On Thursday evening, 10 April, beginning at 6 PM with a reception, the AHI will continue to water the seed of educational reform by holding a great celebration and fundraiser at the Turning Stone Casino & Resort in Vernon, New York, a few miles from the Hamilton College campus. The evening’s event, which will include a sumptuous feast, will honor special guests and steadfast supporters of the AHI. Its founders—Douglas Ambrose, James Bradfield, and Robert Paquette—will speak briefly on the past, present, and future of the AHI with special attention to future initiatives.
The founders of the AHI have designed three years of programming centered on annual themes. For 2007-2008, the theme is the meaning of freedom. John Stauffer, Professor English and American Literature and Language at Harvard University and a prize-winning author, will provide a keynote address on “Gerrit Smith and the Ambiguities of Social Reform.” Smith, arguably Hamilton College’s most influential and famous alumnus, graduated in 1818, valedictorian of his class. Converted to the cause of abolitionism in the 1830s, he founded the Liberty Party, served in Congress, funded John Brown’s attack on Harper’s Ferry, and emerged as perhaps the foremost philanthropist in the transatlantic world during the antebellum period.
Professor Stauffer’s keynote address will inaugurate an annual lecture series by the AHI, named in honor of Carl B. Menges, another distinguished graduate of Hamilton College.
Professor Stauffer will follow his talk by joining with Douglas Ambrose on Friday and Saturday to lead an innovative colloquium: “Liberty and Slavery: The Civil War between Gerrit Smith and George Fitzhugh.” The AHI’s colloquium, which should bring national media attention, is funded by a generous grant from the Watson-Brown Foundation, the preeminent foundation for the study of southern history and culture in the United States. The colloquium will assemble fifteen persons from different walks of life with different talents who have expertise relevant to the subject at hand. Participants will include a judge, an award-winning high school teacher, a museum curator as well as several of the most influential historians of our time. The colloquium will mark a rare public appearance by prize-winning historian Eugene D. Genovese, called by Atlantic Monthly America’s “greatest living historian.”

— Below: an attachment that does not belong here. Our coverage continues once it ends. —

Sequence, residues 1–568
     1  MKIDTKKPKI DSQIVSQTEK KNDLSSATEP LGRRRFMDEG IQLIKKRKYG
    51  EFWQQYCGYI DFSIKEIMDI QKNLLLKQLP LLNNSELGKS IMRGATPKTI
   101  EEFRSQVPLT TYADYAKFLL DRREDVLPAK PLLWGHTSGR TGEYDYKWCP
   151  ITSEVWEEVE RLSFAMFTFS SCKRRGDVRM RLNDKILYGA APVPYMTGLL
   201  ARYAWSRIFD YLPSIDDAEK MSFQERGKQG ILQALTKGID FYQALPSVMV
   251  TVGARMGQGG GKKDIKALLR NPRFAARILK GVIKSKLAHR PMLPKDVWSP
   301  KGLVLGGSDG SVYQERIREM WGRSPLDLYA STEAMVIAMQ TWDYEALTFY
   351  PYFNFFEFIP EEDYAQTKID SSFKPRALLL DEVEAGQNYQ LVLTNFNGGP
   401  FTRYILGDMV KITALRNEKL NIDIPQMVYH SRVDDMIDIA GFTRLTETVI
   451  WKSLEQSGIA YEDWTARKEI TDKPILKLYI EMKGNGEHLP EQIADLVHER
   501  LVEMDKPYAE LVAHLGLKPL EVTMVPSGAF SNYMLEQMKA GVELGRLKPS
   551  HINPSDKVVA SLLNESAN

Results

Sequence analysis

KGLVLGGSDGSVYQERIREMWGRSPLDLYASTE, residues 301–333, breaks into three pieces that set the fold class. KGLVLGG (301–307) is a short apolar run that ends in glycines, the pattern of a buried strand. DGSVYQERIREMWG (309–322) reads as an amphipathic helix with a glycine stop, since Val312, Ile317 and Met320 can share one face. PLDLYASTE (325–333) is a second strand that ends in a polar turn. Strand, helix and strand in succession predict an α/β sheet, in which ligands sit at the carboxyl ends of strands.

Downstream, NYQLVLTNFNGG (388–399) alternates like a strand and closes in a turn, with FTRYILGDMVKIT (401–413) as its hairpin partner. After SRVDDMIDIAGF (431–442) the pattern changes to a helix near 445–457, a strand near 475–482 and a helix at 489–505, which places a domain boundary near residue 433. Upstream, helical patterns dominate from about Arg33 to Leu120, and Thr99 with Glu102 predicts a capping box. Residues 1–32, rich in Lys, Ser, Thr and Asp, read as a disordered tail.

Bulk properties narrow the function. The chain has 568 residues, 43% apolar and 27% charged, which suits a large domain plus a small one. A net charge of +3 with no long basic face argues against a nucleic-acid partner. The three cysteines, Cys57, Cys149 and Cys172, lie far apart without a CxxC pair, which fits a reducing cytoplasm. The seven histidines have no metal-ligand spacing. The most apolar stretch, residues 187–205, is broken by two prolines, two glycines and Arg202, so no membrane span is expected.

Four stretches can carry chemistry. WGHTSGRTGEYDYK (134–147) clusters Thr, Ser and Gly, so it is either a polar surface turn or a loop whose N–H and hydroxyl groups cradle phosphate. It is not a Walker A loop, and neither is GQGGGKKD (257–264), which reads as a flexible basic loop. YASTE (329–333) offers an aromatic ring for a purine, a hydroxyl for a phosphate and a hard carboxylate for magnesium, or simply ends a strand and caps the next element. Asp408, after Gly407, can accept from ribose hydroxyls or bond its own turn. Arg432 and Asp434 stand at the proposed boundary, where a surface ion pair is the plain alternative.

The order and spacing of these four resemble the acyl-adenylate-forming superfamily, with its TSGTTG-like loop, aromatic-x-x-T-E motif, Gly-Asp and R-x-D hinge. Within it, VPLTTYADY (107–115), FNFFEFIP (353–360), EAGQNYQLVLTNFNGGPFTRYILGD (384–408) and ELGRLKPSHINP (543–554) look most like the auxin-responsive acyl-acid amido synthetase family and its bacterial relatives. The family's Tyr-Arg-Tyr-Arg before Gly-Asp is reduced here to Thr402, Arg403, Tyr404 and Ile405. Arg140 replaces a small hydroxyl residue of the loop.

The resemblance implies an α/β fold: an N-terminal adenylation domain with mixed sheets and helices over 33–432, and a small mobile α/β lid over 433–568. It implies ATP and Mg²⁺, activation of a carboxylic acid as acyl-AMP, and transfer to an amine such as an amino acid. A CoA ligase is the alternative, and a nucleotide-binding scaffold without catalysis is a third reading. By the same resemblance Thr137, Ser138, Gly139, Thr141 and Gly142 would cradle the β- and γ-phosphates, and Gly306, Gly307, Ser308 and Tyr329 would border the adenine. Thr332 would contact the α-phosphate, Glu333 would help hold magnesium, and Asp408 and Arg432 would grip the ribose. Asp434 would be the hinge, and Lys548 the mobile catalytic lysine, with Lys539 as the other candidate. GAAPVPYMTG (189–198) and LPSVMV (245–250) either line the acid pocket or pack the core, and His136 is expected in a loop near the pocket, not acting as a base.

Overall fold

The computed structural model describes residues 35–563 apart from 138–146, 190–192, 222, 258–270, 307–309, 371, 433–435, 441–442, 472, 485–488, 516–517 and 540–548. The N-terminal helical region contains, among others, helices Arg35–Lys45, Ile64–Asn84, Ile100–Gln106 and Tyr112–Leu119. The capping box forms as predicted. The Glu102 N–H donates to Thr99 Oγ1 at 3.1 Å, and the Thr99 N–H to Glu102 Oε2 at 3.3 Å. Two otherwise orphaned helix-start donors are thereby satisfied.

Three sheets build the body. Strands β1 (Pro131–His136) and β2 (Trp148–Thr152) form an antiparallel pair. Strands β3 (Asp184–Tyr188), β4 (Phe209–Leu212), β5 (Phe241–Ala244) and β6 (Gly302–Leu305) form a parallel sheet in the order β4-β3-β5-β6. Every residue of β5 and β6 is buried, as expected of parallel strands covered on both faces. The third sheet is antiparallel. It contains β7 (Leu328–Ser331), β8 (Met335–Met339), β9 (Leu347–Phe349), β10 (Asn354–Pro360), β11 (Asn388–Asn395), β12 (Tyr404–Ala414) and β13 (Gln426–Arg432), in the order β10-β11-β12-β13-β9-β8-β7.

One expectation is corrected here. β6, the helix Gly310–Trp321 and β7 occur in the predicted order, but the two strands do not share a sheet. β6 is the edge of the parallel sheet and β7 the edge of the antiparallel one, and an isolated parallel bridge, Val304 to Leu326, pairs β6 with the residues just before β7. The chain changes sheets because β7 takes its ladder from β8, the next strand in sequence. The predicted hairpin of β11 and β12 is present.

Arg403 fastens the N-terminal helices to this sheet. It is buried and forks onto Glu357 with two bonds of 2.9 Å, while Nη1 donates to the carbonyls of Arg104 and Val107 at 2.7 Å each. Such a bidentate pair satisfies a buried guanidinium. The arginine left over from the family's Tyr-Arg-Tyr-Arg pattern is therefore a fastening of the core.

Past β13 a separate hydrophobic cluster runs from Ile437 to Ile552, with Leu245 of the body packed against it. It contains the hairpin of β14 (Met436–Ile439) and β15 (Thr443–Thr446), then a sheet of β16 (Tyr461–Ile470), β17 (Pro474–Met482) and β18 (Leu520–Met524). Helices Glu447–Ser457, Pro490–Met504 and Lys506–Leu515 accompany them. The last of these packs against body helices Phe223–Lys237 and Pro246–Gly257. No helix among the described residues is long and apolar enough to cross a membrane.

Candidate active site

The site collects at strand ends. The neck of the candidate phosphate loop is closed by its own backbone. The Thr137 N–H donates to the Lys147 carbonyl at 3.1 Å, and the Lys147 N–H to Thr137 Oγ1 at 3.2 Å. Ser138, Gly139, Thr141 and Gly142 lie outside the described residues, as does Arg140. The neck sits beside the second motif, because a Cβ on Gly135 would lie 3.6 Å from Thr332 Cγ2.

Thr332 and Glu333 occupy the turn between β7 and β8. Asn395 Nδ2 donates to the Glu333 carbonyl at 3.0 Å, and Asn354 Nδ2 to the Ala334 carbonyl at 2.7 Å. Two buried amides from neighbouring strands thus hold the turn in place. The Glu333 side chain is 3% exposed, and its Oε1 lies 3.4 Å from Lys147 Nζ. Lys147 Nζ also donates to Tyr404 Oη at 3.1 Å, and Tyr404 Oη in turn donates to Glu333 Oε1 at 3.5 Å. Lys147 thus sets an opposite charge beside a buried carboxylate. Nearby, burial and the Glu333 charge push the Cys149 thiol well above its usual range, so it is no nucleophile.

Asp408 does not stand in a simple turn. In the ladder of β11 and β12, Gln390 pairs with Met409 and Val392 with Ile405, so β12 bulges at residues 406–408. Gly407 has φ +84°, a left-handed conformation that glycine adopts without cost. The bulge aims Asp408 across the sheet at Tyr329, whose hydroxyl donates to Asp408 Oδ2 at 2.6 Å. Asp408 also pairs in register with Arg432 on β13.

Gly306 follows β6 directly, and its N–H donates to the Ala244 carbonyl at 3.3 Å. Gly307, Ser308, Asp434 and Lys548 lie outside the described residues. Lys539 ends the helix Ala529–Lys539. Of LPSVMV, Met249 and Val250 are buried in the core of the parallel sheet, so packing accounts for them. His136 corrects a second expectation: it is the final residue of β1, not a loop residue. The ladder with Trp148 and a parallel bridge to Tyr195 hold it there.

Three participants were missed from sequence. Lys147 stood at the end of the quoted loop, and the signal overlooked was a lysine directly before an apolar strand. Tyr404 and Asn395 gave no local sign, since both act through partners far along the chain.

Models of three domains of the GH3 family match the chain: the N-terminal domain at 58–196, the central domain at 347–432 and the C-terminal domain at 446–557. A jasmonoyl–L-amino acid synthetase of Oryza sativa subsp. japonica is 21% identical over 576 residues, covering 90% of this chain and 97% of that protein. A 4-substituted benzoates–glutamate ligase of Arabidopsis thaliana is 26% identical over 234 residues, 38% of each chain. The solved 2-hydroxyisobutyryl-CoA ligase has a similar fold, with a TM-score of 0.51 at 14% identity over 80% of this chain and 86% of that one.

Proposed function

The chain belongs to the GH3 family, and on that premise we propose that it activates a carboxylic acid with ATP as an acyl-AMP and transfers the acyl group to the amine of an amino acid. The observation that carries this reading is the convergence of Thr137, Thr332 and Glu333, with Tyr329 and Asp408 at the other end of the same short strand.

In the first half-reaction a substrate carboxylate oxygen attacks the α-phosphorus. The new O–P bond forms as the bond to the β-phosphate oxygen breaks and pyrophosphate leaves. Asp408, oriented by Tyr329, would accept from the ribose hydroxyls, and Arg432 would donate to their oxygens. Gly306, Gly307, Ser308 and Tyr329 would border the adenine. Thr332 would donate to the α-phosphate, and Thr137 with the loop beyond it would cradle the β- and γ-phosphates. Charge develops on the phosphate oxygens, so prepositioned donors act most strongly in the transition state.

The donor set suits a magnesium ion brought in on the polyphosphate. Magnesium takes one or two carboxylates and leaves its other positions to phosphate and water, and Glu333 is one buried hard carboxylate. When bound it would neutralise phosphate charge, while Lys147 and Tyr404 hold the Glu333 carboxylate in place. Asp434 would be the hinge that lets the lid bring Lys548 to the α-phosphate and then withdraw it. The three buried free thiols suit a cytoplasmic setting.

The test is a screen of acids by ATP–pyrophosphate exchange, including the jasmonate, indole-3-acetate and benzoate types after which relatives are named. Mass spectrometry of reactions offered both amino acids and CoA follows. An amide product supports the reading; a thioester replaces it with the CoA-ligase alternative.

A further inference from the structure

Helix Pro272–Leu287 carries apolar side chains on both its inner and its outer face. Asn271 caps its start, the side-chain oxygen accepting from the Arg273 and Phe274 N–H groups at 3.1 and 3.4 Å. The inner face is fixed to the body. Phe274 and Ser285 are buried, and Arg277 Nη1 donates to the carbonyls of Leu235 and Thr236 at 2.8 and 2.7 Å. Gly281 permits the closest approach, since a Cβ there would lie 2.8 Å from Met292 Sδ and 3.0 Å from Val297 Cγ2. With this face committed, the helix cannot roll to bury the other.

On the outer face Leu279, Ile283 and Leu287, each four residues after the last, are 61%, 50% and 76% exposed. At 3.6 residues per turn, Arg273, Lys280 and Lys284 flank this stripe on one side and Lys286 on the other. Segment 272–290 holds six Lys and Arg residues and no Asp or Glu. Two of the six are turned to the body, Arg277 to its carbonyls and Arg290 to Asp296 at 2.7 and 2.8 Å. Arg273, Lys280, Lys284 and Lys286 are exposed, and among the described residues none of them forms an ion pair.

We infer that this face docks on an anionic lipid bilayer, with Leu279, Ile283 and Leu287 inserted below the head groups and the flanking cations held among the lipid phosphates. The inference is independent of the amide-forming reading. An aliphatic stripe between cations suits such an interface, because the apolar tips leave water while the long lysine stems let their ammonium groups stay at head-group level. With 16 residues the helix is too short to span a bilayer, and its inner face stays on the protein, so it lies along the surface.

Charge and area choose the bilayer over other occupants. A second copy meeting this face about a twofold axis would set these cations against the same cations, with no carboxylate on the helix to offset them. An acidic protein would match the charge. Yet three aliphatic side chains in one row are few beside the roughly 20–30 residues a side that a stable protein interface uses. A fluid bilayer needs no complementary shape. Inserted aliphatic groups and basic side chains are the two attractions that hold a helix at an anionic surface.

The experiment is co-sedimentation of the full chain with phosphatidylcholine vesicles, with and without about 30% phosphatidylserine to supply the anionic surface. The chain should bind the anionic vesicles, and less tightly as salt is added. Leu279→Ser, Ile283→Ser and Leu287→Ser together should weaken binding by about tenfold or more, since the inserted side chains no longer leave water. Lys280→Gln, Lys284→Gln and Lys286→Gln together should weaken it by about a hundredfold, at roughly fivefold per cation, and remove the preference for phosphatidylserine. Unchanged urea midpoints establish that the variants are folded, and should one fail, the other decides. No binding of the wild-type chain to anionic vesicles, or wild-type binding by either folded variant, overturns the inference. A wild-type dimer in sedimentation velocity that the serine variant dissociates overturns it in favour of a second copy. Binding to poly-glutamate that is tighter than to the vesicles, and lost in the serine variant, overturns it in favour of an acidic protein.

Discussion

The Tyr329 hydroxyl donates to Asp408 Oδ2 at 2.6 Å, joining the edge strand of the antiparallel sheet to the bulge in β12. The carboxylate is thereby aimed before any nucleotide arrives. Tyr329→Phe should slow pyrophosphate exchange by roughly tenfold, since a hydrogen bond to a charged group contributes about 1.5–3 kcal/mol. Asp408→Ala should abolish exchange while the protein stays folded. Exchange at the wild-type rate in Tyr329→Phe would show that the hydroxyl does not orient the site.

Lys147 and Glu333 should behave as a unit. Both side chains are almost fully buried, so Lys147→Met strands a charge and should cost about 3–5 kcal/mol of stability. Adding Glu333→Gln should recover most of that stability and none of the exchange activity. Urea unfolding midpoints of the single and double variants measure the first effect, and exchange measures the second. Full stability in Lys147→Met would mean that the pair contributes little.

During six sessions (three Friday and three Saturday) of 1 hour and 45 minutes each, the colloquium attendants will intensively discuss a set of prescribed readings that will feature the unpublished correspondence between Smith and George Fitzhugh, one of the most brilliant and original proslavery apologists. Each session will focus on a major theme in the correspondence: the nature of Man, Christianity and slavery, the meaning of freedom, property and property in Man, capitalism and its alternatives, and race and slavery. Smith and Fitzhugh, as it turns out, were related by marriage, and their civil, curious, and penetrating letters not only speak to the civilizational struggle between North and South that led to the Civil War but to the meaning of freedom and fundamental questions about the human condition.
Professor Stauffer of Harvard, Professor Pete Banner-Haley of Colgate, and AHI co-founder Douglas Ambrose of Hamilton College will bring undergraduate classes (about seventy students) to the colloquium. Each class will enter the colloquium having read the prescribed readings and bearing a written assignment related to them. At the end of each of the six sessions, the undergraduates will ask questions of the scholars. Prizes will be awarded to the student in each class who writes the best paper. Even the seating arrangements will be innovative. The fifteen conferees will sit at a horseshoe-like table facing the students who will be seated at several rows of tables. The last half hour of each session will be devoted to exchanges between the conferees and the students. With the benefit of this rigorous interaction and debate, Professors Stauffer and Ambrose will edit and publish the remarkable correspondence of Gerrit Smith and George Fitzhugh.
Turning Stone boasts the finest accommodations in upstate New York. If you are interested in supporting the AHI, attending this event, or both please contact us through this website or email firstname.lastname@example.org. We welcome your interest.